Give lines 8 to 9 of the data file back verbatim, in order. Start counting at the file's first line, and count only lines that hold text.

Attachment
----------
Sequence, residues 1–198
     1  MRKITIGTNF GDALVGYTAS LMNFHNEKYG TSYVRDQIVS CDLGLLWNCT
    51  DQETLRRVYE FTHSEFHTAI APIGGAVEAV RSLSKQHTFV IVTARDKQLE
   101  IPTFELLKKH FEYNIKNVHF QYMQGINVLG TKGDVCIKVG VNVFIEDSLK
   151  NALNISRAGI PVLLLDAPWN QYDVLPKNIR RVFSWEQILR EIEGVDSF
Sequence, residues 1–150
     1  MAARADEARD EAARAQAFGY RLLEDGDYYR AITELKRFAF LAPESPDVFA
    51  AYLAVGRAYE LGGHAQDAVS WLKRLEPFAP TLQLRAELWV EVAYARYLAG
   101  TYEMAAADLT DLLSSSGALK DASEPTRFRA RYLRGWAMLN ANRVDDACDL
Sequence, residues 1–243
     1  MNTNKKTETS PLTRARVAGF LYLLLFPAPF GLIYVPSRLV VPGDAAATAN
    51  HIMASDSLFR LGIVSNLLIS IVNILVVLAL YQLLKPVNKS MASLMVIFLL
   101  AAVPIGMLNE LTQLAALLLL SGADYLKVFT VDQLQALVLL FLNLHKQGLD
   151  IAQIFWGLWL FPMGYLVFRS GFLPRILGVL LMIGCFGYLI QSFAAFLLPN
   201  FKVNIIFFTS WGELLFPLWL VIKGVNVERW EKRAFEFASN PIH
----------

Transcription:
    51  AYLAVGRAYE LGGHAQDAVS WLKRLEPFAP TLQLRAELWV EVAYARYLAG
   101  TYEMAAADLT DLLSSSGALK DASEPTRFRA RYLRGWAMLN ANRVDDACDL